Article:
I’m not sure what grade I was in, but I do know I was quite young, when my classroom teacher placed a picture on each one of our desks. She casually asked the class to take a look at it, and then, after a few seconds, she asked us to flip the picture over so all we could see was the white back side.
“Without turning your picture back over, who can tell me anything in your picture that was yellow?”
I wracked my brain yet I couldn’t remember a single yellow detail. Not a one!
A few hands shot up, and I looked around dumbfounded. How could I have looked at that entire picture only moments ago, and not remember anything that was yellow? What else didn’t I see?
Though I didn’t consciously register it at the time, this was an “ah-ha” moment for me. I was beginning to realize that though I believed with every fiber of my being I had seen the entire picture, I was really only recognizing what I had chosen to focus on, whether consciously or not.
Some 40 years, a husband and 3 children later, I found myself rushing around the house on a Tuesday night. Katherine and I were to leave for taekwondo within the hour, dinner was cooking, Wil had a book to read to me, Katherine and Elizabeth were intermittently asking for help with their homework, and I was still yearning for a shower since teaching a 2pm bootcamp class. Once dinner and homework were successfully completed, I zipped across my carpeted bedroom floor, headed straight for the shower in the adjoining bathroom, the movie reel in my mind replaying the same hurried thoughts over and again. Then, just as I was quickly padding past my bed, the glint of something at the edge of the bedskirt caught my attention. My mind and body stopped fast in their tracks.
Time seemed to stand still in that moment, and I felt my entire body relax and I found myself laughing. I bent down, picked up that small, seemingly inconspicuous penny, squeezed it lovingly in my hand, turned my gaze up to the ceiling, and as my mind’s eye opened to a full picturesque view of the sky beyond that ceiling, I said aloud, “Thank you!”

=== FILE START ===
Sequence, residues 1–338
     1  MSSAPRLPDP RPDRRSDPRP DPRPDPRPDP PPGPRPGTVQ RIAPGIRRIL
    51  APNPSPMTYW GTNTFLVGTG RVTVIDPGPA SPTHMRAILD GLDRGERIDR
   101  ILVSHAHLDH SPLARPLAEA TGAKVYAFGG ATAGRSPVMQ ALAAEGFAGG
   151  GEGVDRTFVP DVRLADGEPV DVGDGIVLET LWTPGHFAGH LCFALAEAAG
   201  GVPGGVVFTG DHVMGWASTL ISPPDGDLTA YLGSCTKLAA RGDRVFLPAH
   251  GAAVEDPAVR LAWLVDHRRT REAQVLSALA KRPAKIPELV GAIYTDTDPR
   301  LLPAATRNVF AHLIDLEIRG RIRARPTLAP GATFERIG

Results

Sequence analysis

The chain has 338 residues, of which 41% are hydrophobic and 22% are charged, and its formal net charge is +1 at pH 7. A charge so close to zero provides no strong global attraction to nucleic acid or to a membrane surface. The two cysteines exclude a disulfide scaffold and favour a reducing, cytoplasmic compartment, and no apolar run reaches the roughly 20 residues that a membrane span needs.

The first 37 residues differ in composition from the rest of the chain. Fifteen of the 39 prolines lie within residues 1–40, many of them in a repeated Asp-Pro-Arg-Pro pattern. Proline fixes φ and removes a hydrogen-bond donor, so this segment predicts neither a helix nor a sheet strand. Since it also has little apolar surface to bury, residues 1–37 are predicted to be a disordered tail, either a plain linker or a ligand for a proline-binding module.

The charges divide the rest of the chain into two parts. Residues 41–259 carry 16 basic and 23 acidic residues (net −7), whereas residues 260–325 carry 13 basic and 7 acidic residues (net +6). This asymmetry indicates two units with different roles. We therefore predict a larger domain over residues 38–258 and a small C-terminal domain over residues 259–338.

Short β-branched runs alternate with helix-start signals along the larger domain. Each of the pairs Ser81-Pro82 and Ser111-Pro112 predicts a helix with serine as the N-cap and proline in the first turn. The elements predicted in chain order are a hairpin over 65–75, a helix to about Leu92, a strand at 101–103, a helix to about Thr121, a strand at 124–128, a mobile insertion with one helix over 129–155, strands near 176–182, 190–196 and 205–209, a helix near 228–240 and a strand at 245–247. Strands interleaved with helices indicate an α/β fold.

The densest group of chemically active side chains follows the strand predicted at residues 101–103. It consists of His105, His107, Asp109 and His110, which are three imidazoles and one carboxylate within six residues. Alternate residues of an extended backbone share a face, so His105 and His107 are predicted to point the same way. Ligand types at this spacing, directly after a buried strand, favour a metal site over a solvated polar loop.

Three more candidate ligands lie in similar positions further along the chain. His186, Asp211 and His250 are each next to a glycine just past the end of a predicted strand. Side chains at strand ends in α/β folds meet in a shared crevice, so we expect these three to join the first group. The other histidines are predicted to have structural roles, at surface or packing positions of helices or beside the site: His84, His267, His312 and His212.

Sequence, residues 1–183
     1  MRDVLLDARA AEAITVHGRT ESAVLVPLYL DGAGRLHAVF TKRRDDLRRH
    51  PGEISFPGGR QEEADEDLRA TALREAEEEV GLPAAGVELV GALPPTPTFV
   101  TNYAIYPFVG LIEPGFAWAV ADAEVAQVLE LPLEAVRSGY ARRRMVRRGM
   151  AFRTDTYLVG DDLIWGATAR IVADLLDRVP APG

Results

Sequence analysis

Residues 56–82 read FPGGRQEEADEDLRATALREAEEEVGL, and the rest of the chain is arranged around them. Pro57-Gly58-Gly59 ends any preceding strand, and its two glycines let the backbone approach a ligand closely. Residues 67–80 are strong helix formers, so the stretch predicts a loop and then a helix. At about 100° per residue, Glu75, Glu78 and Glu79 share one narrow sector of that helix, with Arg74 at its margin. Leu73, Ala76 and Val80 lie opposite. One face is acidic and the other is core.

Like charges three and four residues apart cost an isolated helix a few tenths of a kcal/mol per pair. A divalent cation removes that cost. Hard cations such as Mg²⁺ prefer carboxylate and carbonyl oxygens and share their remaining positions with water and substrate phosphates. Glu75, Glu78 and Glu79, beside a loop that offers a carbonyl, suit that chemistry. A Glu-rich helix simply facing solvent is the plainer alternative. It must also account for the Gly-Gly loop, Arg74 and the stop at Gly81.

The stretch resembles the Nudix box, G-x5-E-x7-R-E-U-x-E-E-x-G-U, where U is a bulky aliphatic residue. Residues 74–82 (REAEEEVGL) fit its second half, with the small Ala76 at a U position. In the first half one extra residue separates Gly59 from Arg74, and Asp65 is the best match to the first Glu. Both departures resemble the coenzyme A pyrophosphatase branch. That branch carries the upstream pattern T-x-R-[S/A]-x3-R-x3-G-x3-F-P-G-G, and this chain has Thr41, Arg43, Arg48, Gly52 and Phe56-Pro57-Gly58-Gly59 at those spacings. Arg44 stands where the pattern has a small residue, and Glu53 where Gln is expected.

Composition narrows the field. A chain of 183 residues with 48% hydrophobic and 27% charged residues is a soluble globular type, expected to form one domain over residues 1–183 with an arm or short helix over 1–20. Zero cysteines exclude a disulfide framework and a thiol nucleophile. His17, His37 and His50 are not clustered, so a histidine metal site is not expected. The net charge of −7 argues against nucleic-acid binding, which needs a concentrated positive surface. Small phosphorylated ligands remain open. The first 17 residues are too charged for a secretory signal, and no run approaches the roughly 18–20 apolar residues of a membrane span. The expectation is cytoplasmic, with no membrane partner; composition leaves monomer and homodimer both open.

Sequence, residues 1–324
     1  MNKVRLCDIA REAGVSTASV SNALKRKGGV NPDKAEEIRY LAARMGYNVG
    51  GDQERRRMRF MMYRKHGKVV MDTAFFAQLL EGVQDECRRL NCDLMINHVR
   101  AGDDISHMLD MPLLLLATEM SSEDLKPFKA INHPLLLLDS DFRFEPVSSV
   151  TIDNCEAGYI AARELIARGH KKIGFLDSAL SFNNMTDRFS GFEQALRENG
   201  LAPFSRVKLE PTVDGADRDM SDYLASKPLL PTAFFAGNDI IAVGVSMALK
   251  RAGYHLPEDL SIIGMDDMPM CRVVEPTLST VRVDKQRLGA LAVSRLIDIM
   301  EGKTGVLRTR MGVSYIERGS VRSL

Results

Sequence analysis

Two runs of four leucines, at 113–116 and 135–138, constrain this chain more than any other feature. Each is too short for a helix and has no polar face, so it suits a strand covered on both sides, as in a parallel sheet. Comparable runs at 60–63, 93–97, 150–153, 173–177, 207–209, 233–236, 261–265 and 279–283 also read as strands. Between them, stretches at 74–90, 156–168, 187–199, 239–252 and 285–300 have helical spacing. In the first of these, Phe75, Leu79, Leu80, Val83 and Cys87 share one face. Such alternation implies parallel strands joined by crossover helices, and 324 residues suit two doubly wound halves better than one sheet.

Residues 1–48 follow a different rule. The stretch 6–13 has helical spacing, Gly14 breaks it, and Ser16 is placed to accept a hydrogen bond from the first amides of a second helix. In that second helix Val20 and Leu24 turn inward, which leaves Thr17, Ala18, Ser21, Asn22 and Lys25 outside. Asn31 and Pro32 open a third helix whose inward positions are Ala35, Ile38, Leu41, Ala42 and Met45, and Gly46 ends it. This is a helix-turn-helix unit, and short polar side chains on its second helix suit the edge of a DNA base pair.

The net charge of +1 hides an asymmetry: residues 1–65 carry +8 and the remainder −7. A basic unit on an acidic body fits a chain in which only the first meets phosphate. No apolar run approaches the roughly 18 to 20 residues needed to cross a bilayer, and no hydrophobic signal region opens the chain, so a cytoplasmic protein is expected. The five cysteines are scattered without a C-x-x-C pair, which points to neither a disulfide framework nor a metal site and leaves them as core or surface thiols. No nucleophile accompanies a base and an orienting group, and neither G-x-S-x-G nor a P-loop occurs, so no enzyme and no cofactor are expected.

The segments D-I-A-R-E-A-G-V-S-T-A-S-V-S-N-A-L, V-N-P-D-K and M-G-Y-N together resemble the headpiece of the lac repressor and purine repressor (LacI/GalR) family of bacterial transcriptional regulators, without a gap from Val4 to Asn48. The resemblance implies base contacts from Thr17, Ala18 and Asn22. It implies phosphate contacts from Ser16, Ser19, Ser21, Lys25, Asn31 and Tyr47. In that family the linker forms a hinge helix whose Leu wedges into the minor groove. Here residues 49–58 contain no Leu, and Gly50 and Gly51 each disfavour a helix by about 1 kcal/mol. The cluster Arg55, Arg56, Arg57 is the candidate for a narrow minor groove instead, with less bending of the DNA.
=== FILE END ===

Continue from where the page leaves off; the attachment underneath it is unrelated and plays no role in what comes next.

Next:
I like to think of pennies as angel signs. Heavenly messages placed right in my path, found specifically in those moments when my head is turned down, my focus fast and narrow, as I speed walk through life, so many pieces of the picture passing me by, unseen and unrecognized.
I took a fresh, new look at the picture around me and where I was headed. I still had a very short amount of time to work within, but instead of feeling rushed, I now felt invigorated and energized. The reel in my mind was no longer repetitious, but reveling in the moment and looking forward to where we were going. Katherine and I breezed out the door and enjoyed a car ride to her practice full of conversation and laughs. My picture was getting brighter by the moment.
Nothing had changed except my view of the picture, and that is exactly what changed everything around me.
Positive thinking gets a bad rap. It’s easily misunderstood to be merely a change in attitude, when in its most effective form, it is a consciously made choice to shift our perspective and take a new and fresh look at the picture around us. About a year ago, I watched a video of a speaker who, because of a disability, has never been able to walk, so spends the majority of her day in a wheelchair. She was very candid about her situation, the many challenges she faces on a daily basis, and also, the way she is treated by others. I saw the world through her eyes, and looked at different parts of the picture I had never seen before. I appreciated all the new places she was opening my mind’s eye to. Then, at one point in her speech, she joked that positive thinking didn’t get her very far, she could smile at a staircase all day long, but that surely wouldn’t get her to the top!